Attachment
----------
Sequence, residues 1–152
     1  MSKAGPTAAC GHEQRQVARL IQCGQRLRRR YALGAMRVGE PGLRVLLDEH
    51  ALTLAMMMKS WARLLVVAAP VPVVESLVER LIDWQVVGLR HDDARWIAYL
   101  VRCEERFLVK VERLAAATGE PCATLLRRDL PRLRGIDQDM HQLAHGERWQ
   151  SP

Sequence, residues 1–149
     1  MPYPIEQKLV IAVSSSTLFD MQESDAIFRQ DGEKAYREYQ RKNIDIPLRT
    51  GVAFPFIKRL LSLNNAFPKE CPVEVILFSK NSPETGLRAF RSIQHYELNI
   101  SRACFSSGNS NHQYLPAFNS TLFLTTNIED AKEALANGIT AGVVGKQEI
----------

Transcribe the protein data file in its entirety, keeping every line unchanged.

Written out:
Sequence, residues 1–152
     1  MSKAGPTAAC GHEQRQVARL IQCGQRLRRR YALGAMRVGE PGLRVLLDEH
    51  ALTLAMMMKS WARLLVVAAP VPVVESLVER LIDWQVVGLR HDDARWIAYL
   101  VRCEERFLVK VERLAAATGE PCATLLRRDL PRLRGIDQDM HQLAHGERWQ
   151  SP

Sequence, residues 1–149
     1  MPYPIEQKLV IAVSSSTLFD MQESDAIFRQ DGEKAYREYQ RKNIDIPLRT
    51  GVAFPFIKRL LSLNNAFPKE CPVEVILFSK NSPETGLRAF RSIQHYELNI
   101  SRACFSSGNS NHQYLPAFNS TLFLTTNIED AKEALANGIT AGVVGKQEI